I don't completely understand it, but the salesman told me that this reduces the need for other chemicals.
    18 foot diameter, 52" tall above ground Cornelius pool, with vinyl liner, and resin wall caps.
    Roughly 7600 gallons
    Blue Wave "Sandman" Sand filter/pump, model NE6150. Pump is 1 HP
    Intex SWG, model # 54601E

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    Mod Squad JVTrain's Avatar
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    Re: Need a testing kit. Test strips are not recommended?

    That is the quick and easy way to add borates with that product. No pool NEEDS borates but some people like them for their mild sanitation properties, but the most cited reason for adding them is more "silky" feeling water and more "sparkly" water. I wouldn't go above 50 ppm for borates. You can get a test kit for that if you want to keep and eye on it. You can also add borates using 20 Mule Team Borax and Muriatic Acid for cheaper, but involves more hassle calculations, etc.

    Whatever kit you decide to get between the TF-100 and the K-2006C, get the Speed Stir. Makes testing faster and fun!
    Joel - TFP Moderator - Minnesota - **Become a TFP Supporter!** Helpful Links: ABCs of Pool Water Chemistry - SLAM Procedure - Chlorine/CYA Chart
    40x20 Pool: 32K Gallons * Vinyl * Bleach Chlorination * Hayward S270T Sand Filter * Pentair SuperFlo 1 HP * Teledyne/Laars Heater * AquaVac Tigershark * TF-100 w/ SpeedStir
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    Re: Need a testing kit. Test strips are not recommended?

    Oh yes, Speed Stir is A MUST! And a Sample Sizer... seems totally lame, such a simple tool, but such a MASSIVE! time saver so you don't have to futz with the right water level in the sample cylinder.

    Plus, you'll be an official pool nerd if you use these.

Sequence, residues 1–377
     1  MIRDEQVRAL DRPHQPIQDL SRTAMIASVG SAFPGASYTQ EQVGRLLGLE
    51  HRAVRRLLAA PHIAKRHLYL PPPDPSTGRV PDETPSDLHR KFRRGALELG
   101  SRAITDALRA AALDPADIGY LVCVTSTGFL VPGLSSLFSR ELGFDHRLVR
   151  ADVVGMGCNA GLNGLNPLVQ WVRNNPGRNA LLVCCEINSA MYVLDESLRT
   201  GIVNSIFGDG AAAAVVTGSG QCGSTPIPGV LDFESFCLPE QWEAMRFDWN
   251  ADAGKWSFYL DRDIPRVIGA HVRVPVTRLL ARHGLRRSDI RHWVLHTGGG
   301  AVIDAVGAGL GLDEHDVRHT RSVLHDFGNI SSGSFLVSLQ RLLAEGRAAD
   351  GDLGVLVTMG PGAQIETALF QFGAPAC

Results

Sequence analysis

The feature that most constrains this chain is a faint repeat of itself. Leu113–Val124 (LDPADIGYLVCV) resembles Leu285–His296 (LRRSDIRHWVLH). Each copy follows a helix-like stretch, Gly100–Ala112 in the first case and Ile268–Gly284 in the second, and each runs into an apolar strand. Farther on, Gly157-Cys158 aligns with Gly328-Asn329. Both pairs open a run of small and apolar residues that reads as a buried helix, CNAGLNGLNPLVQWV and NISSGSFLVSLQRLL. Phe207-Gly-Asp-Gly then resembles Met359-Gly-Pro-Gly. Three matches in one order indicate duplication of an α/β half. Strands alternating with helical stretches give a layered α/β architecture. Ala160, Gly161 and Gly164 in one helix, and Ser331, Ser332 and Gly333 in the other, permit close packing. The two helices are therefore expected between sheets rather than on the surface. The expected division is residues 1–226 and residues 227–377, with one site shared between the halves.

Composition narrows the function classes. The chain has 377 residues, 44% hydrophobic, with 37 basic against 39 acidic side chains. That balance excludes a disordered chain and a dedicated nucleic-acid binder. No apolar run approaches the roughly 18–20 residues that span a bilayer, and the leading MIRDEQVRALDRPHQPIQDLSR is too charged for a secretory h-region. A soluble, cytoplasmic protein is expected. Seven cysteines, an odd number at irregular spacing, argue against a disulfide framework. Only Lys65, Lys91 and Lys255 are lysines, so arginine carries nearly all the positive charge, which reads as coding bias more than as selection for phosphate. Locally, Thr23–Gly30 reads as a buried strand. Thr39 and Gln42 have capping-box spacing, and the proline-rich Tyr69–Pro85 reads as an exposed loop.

Thanks for reading... - Tony
    Da' Pool: Intex 15'x42" 3284gal AGP EasySet (Inflatable Ring) - (Summer 2014: 27' round EW /w 6.5' deep end @ 22,500gal)
    Pump & Cart Mod: 1000gph Cart. 5ft² - 2 nylons, 24/7 OP. Traps bugs/bits, lasts longer/cleans easier = Happier Pool Owner!!
    The Bible for a "Trouble Free Pool" life = PoolSchool, the BBB method a TF100 test kit(Recommend Kits Compared). - Cleaning a Sand Filter
    Water looks like GLASS, if yours doesn't...SLAM IT! Feels nice and never been happier!!! :D

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    Mod Squad zea3's Avatar
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    Re: Need a testing kit. Test strips are not recommended?

    Borates act as a mild algaecide and will help stabilize TA and pH. In that respect they might reduce the need to adjust pH and TA and thus reduce the need for those chemicals. They will not reduce chlorine demand. They improve the "feel" of the water for some folks, personally I couldn't tell any difference. Adding borates is optional. As long as you already have it, use it and enjoy it.
    TFP Moderator
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    Re: Need a testing kit. Test strips are not recommended?

    Quote Originally Posted by y_not View Post
    Oh yes, Speed Stir is A MUST! And a Sample Sizer... seems totally lame, such a simple tool, but such a MASSIVE! time saver so you don't have to futz with the right water level in the sample cylinder.